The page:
Python for Network Engineers

Bash expansion

by: George El., January 2019, Reading time: 4 minutes

In this post I am going to talk about expansion in bash. But first we need to talk about how bash interprets each line in a script. Bash does five things.

  1. Words that are not variable assignments or redirections are expanded
    • First word becomes command
    • remaining words become arguments
  2. Redirections are performed
  3. Variables are expanded and assigned
    • does not include brace and process substitution
    • assignments are valid only for this command
    • if there is no command assignemnt becomes permanent
  4. Alias expansion is applied if the command was not quoted
  5. The identified function, builtin or external program is executed with the arguments

There are several types of expansion and are done in the following order and from left to right:

  1. brace expansion
  2. tilde expansion, parameter and variable expansion, command substitution, arithmetic expansion
  3. word splitting
  4. pathname expansion

Brace expansion

Here are some examples

$ echo {1..10}
1 2 3 4 5 6 7 8 9 10
$ echo {1..10..2}
1 3 5 7 9
$ touch file{01..10}.txt
$ ls
file01.txt  file02.txt  file03.txt  file04.txt  file05.txt  
file06.txt  file07.txt  file08.txt  file09.txt  file10.txt
$ touch file{name1,name2}.txt
$ ls filename*
filename1.txt  filename2.txt
$ echo {Jan,Feb}{01..31}
Jan01 Jan02 Jan03 Jan04 Jan05 Jan06 Jan07 Jan08 Jan09 Jan10 
Jan11 Jan12 Jan13 Jan14 Jan15 Jan16 Jan17 Jan18 Jan19 Jan20 
Jan21 Jan22 Jan23 Jan24 Jan25 Jan26 Jan27 Jan28 Jan29 Jan30 
Jan31 Feb01 Feb02 Feb03 Feb04 Feb05 Feb06 Feb07 Feb08 Feb09 
Feb10 Feb11 Feb12 Feb13 Feb14 Feb15 Feb16 Feb17 Feb18 Feb19 
Feb20 Feb21 Feb22 Feb23 Feb24 Feb25 Feb26 Feb27 Feb28 Feb29 
Feb30 Feb31
~$ ls test{1,2}
test1:
file01  file02  file03  file04  file05

test2:
file06  file07  file08  file09  file10

Tilde expansion

~ expands to home directory
~user expands to home girectory of user
~n nth directory of dir stack
$ set -x
$ cd ~
+ cd /home/geo555

Parameter and variable expansion

    • all positional parameters, single word when quoted
  • @ all positional parameters, multiple words when quotes
  • n nth positional parameter
  • # number of position parameters
  • ? exit status of most recent parameters
  • $ process ID of shell
  • ! process ID of most recent background
  • _ last argument of previous command
  • name : variable
  • name[*] : array all entries
  • name [@] : array all entries
  • name[index] : array single entry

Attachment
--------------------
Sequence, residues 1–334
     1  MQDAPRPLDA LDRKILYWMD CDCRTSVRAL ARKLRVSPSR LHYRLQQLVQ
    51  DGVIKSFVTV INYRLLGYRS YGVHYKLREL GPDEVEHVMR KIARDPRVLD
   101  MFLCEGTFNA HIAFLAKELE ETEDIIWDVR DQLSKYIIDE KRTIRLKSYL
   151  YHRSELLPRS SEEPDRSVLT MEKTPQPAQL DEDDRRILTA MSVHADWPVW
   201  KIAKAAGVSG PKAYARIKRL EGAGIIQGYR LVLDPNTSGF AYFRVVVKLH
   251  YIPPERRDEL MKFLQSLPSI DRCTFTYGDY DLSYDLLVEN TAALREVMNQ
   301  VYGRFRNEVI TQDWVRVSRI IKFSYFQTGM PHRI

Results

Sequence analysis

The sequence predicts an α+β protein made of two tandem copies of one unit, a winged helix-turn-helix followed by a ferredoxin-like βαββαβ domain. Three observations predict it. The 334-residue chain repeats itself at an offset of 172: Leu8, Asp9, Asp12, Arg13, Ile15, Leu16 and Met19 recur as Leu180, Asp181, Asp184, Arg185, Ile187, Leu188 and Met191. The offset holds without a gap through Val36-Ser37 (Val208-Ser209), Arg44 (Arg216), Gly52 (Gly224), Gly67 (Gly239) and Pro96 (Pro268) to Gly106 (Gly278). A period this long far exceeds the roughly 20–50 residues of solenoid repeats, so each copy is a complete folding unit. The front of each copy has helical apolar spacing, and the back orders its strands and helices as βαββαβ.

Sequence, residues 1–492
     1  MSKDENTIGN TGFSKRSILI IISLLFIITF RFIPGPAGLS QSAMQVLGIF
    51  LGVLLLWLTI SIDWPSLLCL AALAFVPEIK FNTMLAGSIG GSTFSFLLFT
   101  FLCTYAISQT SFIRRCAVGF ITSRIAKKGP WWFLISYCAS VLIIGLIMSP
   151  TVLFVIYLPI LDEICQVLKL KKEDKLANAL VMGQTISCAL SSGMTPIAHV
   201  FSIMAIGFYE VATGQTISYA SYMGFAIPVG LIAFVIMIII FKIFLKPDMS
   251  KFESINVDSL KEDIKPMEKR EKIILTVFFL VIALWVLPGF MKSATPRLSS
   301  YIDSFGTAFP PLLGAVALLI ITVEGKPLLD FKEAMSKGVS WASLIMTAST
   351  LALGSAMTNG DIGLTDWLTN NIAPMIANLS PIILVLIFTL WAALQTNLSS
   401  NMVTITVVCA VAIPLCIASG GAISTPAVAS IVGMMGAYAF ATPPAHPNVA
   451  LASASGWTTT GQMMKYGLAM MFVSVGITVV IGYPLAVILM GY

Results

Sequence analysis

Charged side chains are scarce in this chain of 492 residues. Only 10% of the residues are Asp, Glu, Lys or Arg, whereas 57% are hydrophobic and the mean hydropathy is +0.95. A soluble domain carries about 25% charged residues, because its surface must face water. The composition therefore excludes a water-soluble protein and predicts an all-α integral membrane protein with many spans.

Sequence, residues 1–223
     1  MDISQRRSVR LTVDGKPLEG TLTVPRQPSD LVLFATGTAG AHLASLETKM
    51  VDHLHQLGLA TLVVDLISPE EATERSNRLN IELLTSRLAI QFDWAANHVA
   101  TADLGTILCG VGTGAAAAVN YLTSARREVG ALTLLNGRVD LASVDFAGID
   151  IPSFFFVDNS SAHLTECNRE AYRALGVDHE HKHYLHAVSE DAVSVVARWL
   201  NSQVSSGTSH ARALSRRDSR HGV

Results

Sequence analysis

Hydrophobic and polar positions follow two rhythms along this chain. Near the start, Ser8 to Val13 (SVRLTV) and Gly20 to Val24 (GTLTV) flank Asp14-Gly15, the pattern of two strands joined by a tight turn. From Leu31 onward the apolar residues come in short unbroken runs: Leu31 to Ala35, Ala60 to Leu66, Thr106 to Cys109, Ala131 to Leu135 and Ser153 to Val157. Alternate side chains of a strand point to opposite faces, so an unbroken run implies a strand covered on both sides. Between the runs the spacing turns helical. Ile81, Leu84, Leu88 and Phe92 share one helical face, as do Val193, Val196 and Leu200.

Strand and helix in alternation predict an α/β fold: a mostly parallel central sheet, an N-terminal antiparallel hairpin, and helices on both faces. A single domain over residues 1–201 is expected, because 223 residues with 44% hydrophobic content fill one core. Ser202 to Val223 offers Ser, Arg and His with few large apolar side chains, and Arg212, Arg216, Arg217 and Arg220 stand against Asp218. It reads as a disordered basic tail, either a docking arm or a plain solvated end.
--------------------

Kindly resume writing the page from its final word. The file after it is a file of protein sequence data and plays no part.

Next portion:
• $parameter : substitute parameter with value
  • ${parameter} : substitute parameter with value
  • ${parameter-default} : set default value if null
  • ${parameter:-default} : set default value if null(empty) or unset
  • ${parameter+word}
  • ${parameter=word}
  • ${parameter?word} :
  • ${parameter%word} : delete suffix word
  • ${parameter#word} : delete prefix word
  • ${parameter/word/} : delete word
  • ${parameter/word1/word2} : substitute word1 with word2
  • ${parameter//word1/word2} : substitute all instances

Here are some examples

#!/bin/bash
echo 'echo $*'
echo $*
echo 'echo $@'
echo $@
echo 'echo $1'
echo $1
echo 'echo $$'
echo $$
echo 'echo $USER'
echo $USER
echo 'echo ${USER}'
echo ${USER}
echo 'echo $$'
echo $$
echo 'echo $?'
echo $?

the output is

$ ./simpleargument.sh 1 2 3 4 5
echo $*
1 2 3 4 5
echo $@
1 2 3 4 5
echo $1
1
echo $$
38
echo $USER
geo555
echo ${USER}
geo555
echo $$
38
echo $?
0

And some more

$ name=geo555555
suffix substitution
$ echo ${name%555}
geo555
$ echo ${name%555*}
geo555
$ echo ${name%%555*}
geo
prefix substitution
$ echo ${name#geo}
555555
capitalize first letter
$ echo ${name^}
Geo555555
capitalize all letters
$ echo ${name^^}
GEO555555
$ echo ${USER~}
Geo555
$ echo ${USER~~}
GEO555
lowercase first letter
$ echo ${name,}
geo555555
lowercase all letters
$ echo ${name,,}
geo555555
delete a string
$ echo "${name/555/}"
geo555
delete all occurences of a string
$ echo "${name//555/}"
geo
substitute a string
$ echo "${name/555/333}"
geo333555
substitute all occurences of a string
$ echo "${name//555/333}"
geo333333
substring
$ echo "${name:0:3}"
geo
provide default value
$ unset name
$ echo $name

$ echo "${name:-george}"
george

command substitution

$files=$(ls)
or
$files=`ls`
$ echo $files
file01.txt file02.txt file03.txt file04.txt file05.txt file06.txt file07.txt file08.txt file09.txt file10.txt

arithmetic expansion

$ echo $((2+3))
5

pathname expansion

ls /home/geo555/*.txt

combine variable expansion with pathname expansion
ls /home/$USER/*.txt

if you have an alias on ls, it will also do alias expansion
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